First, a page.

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Brandeis University's Community Newspaper — Waltham, Mass.

Nelson Figueroa ’98 leads Pawtucket Red Sox into playoffs

Published: September 6, 2012
Section: Sports, Top Stories

Nelson Figueroa ’98 is not your typical professional pitcher: He doesn’t have plus velocity, reaching speeds of only 87 to 89 mph.

“I don’t think he ever threw in the 90s … the radar gun was a little biased,” Brandeis baseball coach Pete Varney said. “I think his success comes from his guile, courage, intestinal fortitude, his command over multiple pitches and his ability to locate his fastball.”

The problem with not having plus velocity in the major leagues is that it severely limits the range of the plate you can hit. When you can pitch in the upper 90s, you can target a wide portion of the plate; however, when you can only reach the upper 80s, you have to be able to locate your pitches very precisely.

While Figueroa lacked plus velocity Saturday night in Pawtucket, he had complete command of his fastball location as well as a strong breaking ball and changeup to keep hitters off balance. The result was eight scoreless innings from Figueroa to lead the minor league squad to a 2-0 shutout against Scranton/Wilkes-Barre at McCoy Stadium, thereby clinching a spot in the postseason.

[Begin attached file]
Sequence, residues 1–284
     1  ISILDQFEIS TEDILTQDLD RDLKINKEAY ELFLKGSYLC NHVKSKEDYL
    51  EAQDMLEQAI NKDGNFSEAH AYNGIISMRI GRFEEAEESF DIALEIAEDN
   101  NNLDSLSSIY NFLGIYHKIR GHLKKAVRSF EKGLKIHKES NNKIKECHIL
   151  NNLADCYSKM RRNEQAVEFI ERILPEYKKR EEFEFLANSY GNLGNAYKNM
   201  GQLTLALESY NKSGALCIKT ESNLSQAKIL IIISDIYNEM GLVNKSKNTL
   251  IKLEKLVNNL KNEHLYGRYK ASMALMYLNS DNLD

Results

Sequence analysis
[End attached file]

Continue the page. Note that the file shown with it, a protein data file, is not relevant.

Varney explained Figueroa’s display of talent in college.

“It was obvious to anyone that he had the stuff to succeed. In order to attract scouts, you have to have some kind of innate ability. He was a very talented player and through his own maturation process, he continued to develop and pitch well and he signed with the majors and took it from there,” Varney said.

The New York Mets drafted Figueroa in the 30th round of the 1995 MLB draft with the 833rd overall pick but then traded him to the Arizona Diamondbacks.

Figueroa made his major league debut in 2000 with the Diamondbacks, becoming the first Brandeis alumnus to pitch in the major leagues. Figueroa struggled that year, going 0-1 in three starts with a 7.47 ERA. During the next few years, he bounced around the majors before playing in foreign leagues in 2007 after being unable to attain a roster spot in major and minor league baseball.

Figueroa returned to the majors on April 11, 2008 as a New York Met, pitching six innings and allowing only two hits, two walks and striking out six to get the win. Unfortunately, shortly after this strong outing, Figueroa was sent back to the minors. The Mets called him up again on the last day of the 2009 regular season. He then pitched a four hit complete game shutout, striking out seven batters. Additionally, in the same game, he hit a two-run triple.

During the next three years, Figueroa once again bounced around the majors with short stints with the Philadelphia Phillies, Houston Astros, Pittsburgh Pirates, Toronto Blue Jays, New York Yankees and Boston Red Sox.

Figueroa explained how extremely challenging the past season was for him.

“I signed with Toronto to go to spring training coming off of winning a championship in the Dominican Republic. They didn’t have room or plans for me. It was the hardest thing that has ever happened to me,” he said in an interview after Saturday’s game.

After being waived by the Blue Jays, he returned home for two weeks before signing with the Yankees.